Where is the evidence for “evidence-based” therapy? NEW AND UPDATED [pdf] 2017 by Jonathan Shedler. This article is adapted from the article below by J. Shedler. 


The term evidence-based therapy has become a de facto code word for manualized therapy—most often brief, highly scripted forms of cognitive behavior therapy.

It is widely asserted that “evidence-based” therapies are scientifically proven and superior to other forms of psychotherapy. Empirical research does not support these claims.

Empirical research shows that “evidence-based” therapies are weak treatments. Their benefits are trivial, few patients get well, and even the trivial benefits do not last.

Troubling research practices paint a misleading picture of the actual benefits of “evidence-based” therapies, including sham control groups, cherry-picked patient samples, and suppression of negative findings.

Where is the evidence for “evidence-based” therapy? [pdf] 2015 by Jonathan Shedler, Ph.D., The Journal of Psychological Therapies in Primary Care, Vol. 4, pp. 47–59.

The efficacy of psychodynamic psychotherapy [pdf] 2010 by Jonathan Shedler, Ph.D., American Psychologist, American Psychological Association Vol. 65, No. 2, pp. 98–109. 

"Hailed as a contemporary classic and studied in clinical training programs around the world, this is the paper that firmly established psychodynamic therapy as an evidence-based treatment" (American Psychologist,  American Psychological Association)

Abstract: Empirical evidence supports the efficacy of psychodynamic psychotherapy.  Effect sizes for psychodynamic psychotherapy are as large as those reported for other therapies that have been actively promoted as "empirically supported" and "evidence based."  Additionally, patients who receive psychodynamic therapy maintain therapeutic gains and appear to continue to improve after treatment ends.  Finally, non-psychodynamic therapies may be effective in part because the more skilled practitioners utilize techniques that have long been central to psychodynamic theory and practice.  The perception that psychodynamic approaches lack empirical support does not accord with available scientific evidence and may reflect selective dissemination of research findings.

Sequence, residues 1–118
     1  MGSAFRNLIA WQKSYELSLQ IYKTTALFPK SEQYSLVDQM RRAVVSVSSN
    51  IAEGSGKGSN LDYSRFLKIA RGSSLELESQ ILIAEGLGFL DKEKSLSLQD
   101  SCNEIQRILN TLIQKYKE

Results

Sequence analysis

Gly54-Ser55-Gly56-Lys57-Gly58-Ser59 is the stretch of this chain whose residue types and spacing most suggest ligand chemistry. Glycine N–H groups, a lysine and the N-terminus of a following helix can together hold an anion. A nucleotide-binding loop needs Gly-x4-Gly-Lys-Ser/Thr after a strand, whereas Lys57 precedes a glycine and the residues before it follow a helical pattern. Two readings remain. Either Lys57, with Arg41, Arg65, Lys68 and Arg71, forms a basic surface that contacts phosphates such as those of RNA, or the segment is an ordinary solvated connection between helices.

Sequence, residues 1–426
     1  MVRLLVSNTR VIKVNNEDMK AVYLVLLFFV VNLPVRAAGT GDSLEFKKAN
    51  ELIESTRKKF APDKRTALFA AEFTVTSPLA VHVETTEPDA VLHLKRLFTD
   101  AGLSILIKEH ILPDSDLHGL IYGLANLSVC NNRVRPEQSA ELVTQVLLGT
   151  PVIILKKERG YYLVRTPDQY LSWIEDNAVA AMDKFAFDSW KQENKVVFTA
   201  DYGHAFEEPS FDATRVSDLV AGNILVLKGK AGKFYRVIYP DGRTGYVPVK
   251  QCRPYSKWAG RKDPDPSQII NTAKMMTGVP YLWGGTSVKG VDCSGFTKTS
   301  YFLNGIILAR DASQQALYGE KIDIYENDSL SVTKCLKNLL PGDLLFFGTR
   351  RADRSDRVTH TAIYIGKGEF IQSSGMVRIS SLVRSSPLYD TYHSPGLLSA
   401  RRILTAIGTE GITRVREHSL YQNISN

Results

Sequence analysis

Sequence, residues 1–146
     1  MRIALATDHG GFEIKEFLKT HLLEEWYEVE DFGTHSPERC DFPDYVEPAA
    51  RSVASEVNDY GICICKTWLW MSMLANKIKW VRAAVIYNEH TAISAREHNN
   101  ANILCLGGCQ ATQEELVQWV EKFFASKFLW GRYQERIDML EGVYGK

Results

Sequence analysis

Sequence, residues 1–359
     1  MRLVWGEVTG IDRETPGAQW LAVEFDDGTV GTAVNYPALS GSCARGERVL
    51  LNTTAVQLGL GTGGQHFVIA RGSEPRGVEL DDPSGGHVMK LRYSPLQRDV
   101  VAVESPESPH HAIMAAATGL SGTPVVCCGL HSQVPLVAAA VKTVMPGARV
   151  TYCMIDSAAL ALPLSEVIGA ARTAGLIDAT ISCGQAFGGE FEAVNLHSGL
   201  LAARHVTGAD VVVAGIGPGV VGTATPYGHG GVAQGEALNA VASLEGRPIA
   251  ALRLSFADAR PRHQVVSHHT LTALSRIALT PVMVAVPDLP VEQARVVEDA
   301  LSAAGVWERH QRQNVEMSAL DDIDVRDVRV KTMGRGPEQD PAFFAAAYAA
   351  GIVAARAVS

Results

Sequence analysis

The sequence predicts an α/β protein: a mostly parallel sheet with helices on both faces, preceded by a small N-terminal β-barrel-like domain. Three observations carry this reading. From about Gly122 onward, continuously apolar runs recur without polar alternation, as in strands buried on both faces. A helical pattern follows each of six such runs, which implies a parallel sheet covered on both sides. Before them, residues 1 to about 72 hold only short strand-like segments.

I thank Mark Hilsenroth for his extensive contributions to this article;

Marc Diener for providing some of the information reported here; Robert

Feinstein, Glen Gabbard, Michael Karson, Kenneth Levy, Nancy McWilliams,

Robert Michels, George Stricker, and Robert Wallerstein for their

comments on drafts of the article; and the 500-plus members of the

Psychodynamic Research Listserv for their collective wisdom and support.

Correspondence concerning this article should be addressed

to Jonathan Shedler, Department of Psychiatry, University of Colorado

Denver School of Medicine, Mail Stop A011-04, 13001 East 17th

Place, Aurora, CO 80045. E-mail: jonathan@shedler.com

1 I use the terms psychoanalytic and psychodynamic interchangeably.

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